In 1847 Lord Minto visited the tionary Italian courts to try to induce the recalcitrant despots agitation, to mend their ways, so as to avoid revolution and war, 1847.
Of this school, which had Lagrange for its professor of mathematics, we have an amusing account in the life of Gilbert Elliot, 1st earl of Minto, who with his brother Hugh, afterwards British minister at Berlin, there made the acquaintance of Mirabeau.
Within the park is situated the Government House, a noble building begun by Lord Minto, and enlarged into its present state by the marquess of Hastings.
The Royal Scottish Museum, structurally united to the university, contains collections illustrative of industry, art, science and natural history; and Minto House college and Heriot-Watt college are practically adjuncts of the university.
His disappointment was great when the governor-generalship was, owing to party exigencies, conferred on Sir Gilbert Elliot (Lord Minto); he declined, it is said, soon afterwards the government of the Cape, but accepted a K.C.B.
Bain resigned his professorship in 1880 and was succeeded by William Minto, one of his most brilliant pupils.
In 1808 he was selected by Lord Minto for the responsible post of envoy to the court of Ranjit Singh at Lahore; here, on the 25th of April 1809, he concluded the important treaty securing the independence of the Sikh states between the Sutlej and the Jumna.
In 1811 a strong fleet was equipped by Lord Minto, then governor-general of India, for the conquest of Java; a British force was landed on the 4th of August; Batavia was captured on the 26th, and on the 1 8th of September Janssens and the remnant of his army surrendered.
Lord Minto had issued a proclamation establishing British rule on the 11th of September, and Thomas (afterwards Sir Thomas) Stamford Raffles was appointedlieutenant-governor.
The following governorsgeneral have represented the crown since the federation of the provinces, with the year of their appointment: Viscount Monck, 1867; Sir John Young (afterwards Baron Lisgar), 1868; the earl of Dufferin, 1872; the marquess of Lorne (afterwards duke of Argyll), 1878; the marquess of Lansdowne, 1883; Lord Stanley of Preston (afterwards earl of Derby), 1888; the earl of Aberdeen, 1893; the earl of Minto, 1898; Earl Grey, 1904.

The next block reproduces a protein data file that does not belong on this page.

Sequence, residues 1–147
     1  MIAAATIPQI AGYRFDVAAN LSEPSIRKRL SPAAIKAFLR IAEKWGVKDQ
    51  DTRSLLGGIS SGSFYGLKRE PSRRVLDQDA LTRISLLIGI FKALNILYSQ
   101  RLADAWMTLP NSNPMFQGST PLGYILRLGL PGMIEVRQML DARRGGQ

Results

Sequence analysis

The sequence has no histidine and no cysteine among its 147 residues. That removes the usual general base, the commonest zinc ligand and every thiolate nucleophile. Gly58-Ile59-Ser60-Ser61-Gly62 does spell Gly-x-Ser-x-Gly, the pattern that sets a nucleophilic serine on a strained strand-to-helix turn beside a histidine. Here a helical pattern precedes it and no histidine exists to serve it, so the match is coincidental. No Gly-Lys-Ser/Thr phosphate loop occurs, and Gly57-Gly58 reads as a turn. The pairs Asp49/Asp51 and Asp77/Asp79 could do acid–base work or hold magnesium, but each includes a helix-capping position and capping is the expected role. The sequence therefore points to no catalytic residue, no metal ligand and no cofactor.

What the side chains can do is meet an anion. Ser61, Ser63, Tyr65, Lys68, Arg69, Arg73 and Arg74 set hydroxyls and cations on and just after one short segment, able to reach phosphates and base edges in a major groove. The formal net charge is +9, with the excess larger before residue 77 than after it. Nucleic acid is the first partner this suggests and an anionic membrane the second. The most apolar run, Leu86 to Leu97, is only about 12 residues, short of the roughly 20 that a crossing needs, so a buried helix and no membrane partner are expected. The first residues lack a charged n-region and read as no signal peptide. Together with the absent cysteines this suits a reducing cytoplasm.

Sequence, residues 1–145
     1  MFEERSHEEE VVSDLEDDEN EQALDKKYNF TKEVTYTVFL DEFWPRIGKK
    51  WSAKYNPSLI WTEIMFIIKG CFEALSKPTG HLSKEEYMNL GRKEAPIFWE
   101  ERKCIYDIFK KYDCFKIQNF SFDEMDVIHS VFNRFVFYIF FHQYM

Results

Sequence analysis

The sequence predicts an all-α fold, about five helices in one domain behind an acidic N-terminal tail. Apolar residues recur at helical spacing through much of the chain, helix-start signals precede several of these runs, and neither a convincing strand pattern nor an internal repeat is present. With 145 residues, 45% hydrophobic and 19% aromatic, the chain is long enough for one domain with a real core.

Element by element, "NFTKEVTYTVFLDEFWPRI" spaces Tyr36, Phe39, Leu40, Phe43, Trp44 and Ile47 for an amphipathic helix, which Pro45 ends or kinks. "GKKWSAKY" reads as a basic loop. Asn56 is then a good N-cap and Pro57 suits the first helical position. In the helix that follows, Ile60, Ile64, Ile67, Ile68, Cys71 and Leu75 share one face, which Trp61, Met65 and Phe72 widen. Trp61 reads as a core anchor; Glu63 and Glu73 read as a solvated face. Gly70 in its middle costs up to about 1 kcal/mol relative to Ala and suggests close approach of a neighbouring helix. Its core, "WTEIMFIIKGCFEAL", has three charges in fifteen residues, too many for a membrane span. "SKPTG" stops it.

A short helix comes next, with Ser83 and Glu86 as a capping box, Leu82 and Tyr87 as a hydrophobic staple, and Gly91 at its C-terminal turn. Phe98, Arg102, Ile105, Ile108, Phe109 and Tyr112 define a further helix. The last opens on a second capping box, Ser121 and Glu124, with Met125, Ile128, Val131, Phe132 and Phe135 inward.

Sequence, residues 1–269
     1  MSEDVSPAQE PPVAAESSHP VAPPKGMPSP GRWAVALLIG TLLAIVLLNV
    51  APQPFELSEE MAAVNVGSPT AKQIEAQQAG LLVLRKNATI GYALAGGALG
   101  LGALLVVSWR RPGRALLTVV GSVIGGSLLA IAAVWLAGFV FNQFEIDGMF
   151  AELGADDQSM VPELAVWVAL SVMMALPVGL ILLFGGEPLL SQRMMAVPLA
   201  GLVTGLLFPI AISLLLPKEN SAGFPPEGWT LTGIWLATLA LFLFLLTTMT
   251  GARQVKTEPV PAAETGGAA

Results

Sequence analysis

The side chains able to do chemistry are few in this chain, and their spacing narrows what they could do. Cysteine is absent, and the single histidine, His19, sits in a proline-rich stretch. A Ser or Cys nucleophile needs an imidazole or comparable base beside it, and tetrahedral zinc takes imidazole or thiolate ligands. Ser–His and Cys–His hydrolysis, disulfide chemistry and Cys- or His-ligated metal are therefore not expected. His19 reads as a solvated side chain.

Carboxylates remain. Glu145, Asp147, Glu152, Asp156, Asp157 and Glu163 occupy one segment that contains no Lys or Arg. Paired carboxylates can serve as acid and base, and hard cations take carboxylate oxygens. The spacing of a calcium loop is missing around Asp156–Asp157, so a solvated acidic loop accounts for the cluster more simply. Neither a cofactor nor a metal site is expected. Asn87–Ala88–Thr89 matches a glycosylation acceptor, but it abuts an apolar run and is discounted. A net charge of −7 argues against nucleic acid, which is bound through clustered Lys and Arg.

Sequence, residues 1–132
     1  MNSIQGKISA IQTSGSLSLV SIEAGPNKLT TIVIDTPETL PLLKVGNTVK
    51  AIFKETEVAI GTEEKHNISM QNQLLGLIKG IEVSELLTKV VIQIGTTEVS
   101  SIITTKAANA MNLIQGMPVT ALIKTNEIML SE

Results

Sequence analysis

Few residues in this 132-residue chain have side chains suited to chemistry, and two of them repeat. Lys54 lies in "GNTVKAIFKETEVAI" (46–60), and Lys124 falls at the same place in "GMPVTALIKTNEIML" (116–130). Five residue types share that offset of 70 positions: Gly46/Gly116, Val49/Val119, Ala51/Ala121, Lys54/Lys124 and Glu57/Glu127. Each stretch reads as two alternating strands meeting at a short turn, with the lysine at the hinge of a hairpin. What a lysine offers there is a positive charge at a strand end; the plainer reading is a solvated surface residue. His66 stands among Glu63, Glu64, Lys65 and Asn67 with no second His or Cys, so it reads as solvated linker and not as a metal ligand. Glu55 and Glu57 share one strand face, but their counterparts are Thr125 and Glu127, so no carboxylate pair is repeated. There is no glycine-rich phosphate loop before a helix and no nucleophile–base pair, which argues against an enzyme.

His name was considered at this time for the post of governor-general, but Lord Minto was selected instead; and it was not until twenty years later that he succeeded Lord Amherst in that office.
He landed at Calcutta, and assumed office in succession to Lord Minto in October 1813.
In response Lord Minto was sent to Rome as " an authentic organ of the British Government," but the policy in question proved abortive.
A further step, calculated to strengthen the relations of amity between the two governments, was taken when it was arranged that the amir should pay a visit to the viceroy, Lord Minto, in India, in January 1907; and this visit took place with great cordiality and success.
Lord Minto, governor-general from 1807 to 1813, consolidated the conquests which Wellesley had acquired.
The condition of central India continued to be disturbed, but Lord Minto succeeded in preventing any violent outbreaks without himself having recourse to the sword.
The successor of Lord Minto was Lord Moira, better known as the marquis of Hastings, who governed India for the long period of nine years, from 1814 to 1823.
Sir George Barlow and Lord Minto had remonstrated in vain, and nothing was left to Lord Moira but to take up arms. The campaign of 1814 was little short of disastrous.
Subsequently, in 1809, while a French invasion of India was still a possibility to be guarded against, Mountstuart Elphinstone was sent by Lord Minto on a mission to Shah Shuja to form a defensive alliance.
At conciliation, although favoured by Lord Minto, Sicily failed, for Naples wanted one constitution and one parliament, whereas Sicily wanted two, with only the king in common.
Minto House, 5 m.